4. "Possibly a reduction of around three scholarships for a year or two;"

From what I have read on this board, we have very few open schollies for next year as it is. Losing 3 of them would be pretty damn bad, especially in light of the fact that this class contained virtually no linemen on either side of the ball and that we have already offered to a few projects.

5. "3-4 years probation (longer due to repeat violator status)"

Who cares. So long as we are careful not to do anything stupid, this has no effect.

Just my take on this - I am having one of those glass-half-empty days, I guess.


February 24th, 2010 at 12:29 PM ^

so we aren't in shock when Michigan gets slammed for NCAA violations.

This is shocking.

I will say this and no I"m not a dick: I think these NCAA regulations are absolutely bogus. Not a SINGLE big time coach doesn't make it known that he expects your ass in the gym all the time, all the time, getting better and helping the team. If Michigan gets dicked for this then the NCAA either has to go after every other big conference team or admit they are a bunch o shiteaters.

That said...

While I've long said 2010 is RR's last and have long said his style of play does not fit here, if there are violations that even seem to the general public (not you rationalizers) that they are major, then he is gone. Immediately. Done. Toast. Fired. Maybe it won't be fair. Maybe he got dealt a bad hand. But there's a lot of bad blood within some small but influential segments of the michigan community, and RR's record has sucked here and if there's violations, the new AD will dump him, no matter what was or wasn't said at this week's press conference.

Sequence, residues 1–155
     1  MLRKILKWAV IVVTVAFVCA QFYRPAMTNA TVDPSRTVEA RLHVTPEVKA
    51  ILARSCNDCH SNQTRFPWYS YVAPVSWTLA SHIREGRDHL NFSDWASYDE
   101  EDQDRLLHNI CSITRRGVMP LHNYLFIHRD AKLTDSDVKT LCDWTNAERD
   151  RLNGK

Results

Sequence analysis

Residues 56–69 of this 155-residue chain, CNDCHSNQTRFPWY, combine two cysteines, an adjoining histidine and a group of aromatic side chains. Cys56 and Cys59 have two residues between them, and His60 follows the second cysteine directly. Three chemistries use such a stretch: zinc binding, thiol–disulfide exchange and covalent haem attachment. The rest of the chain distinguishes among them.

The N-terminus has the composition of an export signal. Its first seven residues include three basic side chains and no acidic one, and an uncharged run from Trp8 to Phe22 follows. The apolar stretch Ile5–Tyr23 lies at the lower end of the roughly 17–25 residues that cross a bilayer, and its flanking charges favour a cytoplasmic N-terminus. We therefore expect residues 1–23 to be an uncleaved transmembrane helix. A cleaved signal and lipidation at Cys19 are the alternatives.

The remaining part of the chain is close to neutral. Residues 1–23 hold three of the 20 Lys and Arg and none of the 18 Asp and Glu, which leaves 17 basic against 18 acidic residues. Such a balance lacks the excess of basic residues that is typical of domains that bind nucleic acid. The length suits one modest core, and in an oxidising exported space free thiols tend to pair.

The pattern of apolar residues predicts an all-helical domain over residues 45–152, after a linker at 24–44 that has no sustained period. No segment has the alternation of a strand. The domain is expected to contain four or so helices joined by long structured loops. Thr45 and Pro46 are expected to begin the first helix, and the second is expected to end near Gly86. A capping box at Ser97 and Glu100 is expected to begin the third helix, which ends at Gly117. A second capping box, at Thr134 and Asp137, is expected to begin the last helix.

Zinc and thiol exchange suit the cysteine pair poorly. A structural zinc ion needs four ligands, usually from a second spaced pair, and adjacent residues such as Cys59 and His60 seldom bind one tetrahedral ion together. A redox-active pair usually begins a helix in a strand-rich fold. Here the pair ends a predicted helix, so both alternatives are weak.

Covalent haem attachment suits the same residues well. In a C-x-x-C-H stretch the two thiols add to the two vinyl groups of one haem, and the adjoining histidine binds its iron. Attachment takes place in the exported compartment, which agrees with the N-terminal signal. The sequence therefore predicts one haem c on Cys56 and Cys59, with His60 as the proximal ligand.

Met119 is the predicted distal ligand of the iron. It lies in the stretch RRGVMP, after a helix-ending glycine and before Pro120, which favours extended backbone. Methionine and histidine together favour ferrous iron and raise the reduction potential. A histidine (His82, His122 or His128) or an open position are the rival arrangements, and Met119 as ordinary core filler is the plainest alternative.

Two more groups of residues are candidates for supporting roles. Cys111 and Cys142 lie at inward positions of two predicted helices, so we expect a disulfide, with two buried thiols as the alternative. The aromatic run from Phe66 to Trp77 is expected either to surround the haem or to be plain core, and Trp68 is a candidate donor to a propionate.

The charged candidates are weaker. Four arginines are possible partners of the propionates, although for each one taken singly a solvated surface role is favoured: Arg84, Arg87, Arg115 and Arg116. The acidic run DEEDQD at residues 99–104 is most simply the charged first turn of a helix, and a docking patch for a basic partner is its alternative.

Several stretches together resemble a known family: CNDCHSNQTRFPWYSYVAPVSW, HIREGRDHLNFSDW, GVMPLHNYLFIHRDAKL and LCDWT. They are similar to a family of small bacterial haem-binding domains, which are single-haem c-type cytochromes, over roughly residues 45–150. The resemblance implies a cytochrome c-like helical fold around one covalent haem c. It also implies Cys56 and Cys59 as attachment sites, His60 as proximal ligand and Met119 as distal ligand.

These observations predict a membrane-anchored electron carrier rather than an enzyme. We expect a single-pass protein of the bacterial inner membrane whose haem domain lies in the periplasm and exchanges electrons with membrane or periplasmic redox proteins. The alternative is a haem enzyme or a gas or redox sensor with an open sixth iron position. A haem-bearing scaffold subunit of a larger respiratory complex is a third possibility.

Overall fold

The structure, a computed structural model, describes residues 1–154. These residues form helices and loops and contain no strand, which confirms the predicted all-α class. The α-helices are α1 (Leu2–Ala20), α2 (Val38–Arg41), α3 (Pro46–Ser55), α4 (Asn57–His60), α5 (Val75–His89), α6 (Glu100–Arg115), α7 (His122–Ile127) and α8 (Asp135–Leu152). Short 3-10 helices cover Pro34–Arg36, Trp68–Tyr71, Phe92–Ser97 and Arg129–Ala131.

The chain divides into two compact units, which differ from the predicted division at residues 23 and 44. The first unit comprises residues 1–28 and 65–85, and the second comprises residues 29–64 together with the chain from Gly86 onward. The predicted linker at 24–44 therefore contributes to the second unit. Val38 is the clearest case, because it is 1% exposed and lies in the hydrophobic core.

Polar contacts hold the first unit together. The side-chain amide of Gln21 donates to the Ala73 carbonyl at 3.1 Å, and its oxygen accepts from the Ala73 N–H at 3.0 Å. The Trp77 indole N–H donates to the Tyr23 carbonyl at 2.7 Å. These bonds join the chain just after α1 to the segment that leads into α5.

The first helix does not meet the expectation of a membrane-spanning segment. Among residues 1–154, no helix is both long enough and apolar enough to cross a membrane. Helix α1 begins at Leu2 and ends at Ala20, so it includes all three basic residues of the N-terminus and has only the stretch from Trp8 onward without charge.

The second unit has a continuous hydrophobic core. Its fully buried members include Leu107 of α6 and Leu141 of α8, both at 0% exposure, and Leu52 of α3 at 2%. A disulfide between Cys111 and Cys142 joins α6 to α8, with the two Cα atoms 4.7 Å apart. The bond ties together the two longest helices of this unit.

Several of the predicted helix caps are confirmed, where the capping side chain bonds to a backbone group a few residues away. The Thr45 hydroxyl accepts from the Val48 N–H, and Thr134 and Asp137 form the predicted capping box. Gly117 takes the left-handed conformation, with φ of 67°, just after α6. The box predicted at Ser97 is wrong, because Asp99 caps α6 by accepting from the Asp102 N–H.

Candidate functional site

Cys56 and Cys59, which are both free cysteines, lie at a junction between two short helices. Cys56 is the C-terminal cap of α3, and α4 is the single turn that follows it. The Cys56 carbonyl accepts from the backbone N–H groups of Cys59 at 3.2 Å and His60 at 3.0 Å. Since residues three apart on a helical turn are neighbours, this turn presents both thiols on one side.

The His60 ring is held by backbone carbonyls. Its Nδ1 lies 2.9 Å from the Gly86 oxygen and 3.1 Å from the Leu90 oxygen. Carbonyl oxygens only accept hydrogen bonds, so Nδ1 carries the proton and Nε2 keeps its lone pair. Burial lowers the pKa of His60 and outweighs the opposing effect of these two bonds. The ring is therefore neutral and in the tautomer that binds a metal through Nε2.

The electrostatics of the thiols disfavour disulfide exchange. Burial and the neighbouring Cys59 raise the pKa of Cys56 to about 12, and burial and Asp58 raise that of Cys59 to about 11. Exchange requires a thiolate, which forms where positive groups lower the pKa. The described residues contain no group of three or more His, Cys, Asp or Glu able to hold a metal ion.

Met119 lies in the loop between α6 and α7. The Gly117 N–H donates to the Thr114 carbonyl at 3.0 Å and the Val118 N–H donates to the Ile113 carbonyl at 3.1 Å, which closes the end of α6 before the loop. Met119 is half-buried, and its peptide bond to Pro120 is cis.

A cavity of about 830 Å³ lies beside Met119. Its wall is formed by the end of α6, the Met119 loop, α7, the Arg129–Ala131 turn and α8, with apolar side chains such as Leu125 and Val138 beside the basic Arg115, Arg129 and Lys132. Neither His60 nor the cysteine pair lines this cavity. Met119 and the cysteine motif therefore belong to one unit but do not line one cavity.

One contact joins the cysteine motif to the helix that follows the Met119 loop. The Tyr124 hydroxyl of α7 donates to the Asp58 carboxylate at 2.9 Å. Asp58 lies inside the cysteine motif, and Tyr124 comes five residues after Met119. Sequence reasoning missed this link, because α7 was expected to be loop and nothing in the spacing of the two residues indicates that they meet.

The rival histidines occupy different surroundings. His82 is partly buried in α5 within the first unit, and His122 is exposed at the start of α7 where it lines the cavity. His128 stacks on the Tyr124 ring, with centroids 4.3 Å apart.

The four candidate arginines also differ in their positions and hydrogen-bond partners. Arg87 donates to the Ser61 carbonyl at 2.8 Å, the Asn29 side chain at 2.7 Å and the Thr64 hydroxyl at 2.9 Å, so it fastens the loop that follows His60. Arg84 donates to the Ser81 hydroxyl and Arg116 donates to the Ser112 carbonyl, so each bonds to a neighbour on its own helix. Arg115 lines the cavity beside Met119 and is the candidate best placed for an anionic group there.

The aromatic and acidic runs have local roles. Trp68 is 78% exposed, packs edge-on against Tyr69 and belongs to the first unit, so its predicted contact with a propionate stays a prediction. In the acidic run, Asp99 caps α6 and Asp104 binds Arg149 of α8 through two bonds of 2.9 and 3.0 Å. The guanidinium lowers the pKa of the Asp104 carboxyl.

February 24th, 2010 at 12:38 PM ^

You're wrong.

Everyone here is overreacting.

Brandon and MSC knew this was coming. If they blamed RR for these violations and were holding him accountable for them, do you (a) think they'd have let him talk yesterday, and (b) do you really think they'd keep him around after everyone at the meeting accepted responsibility for the violations (which, if they're major, gives Michigan grounds to terminate RR with cause and no buyout?).


There are other actors in the athletic department which are equally at fault, or more, for these violations. They are being moved on or moved out.

RR will only be fired for on-field failure, not because of this. The table is set.


February 24th, 2010 at 1:23 PM ^

I want to make this clear, I really like RR, work at the stadium and have met the man. I love how much he cares about his kids I think the violations are the result of him trying to put his players in a structured environment that would help them succeed as men and not as way to gain competitive advantage. I am just being realistic to what I think this means for Rodriguez and this program. Major violations give the anti-RR that much more ammunition. Most of the alums/fans only care about the winning but if he isn't doing that definitively after this season I think he's in trouble.

Section 1

February 24th, 2010 at 12:42 PM ^

"But there's a lot of bad blood within some small but influential segments of the michigan community, and RR's record has sucked here and if there's violations, the new AD will dump him, no matter what was or wasn't said at this week's press conference."

Shouldn't somebody -- WE? -- report on that story? If there is an "opposition" to Rodriguez, why are they only discussed in whispers? Why don't we put names with those stories?

Are we talking about EMU Regent James Stapleton? Who is he? What is his role? What is his position? What are his intrests? Are there others, within the University of Michigan?

I'm not looking for an argument with you; I am simply saying, taking your presumption/assertion as true, and observing that there are "some small but influential segments of the michigan community," why don't we name them? What reason is there not to name them, on such an important topic?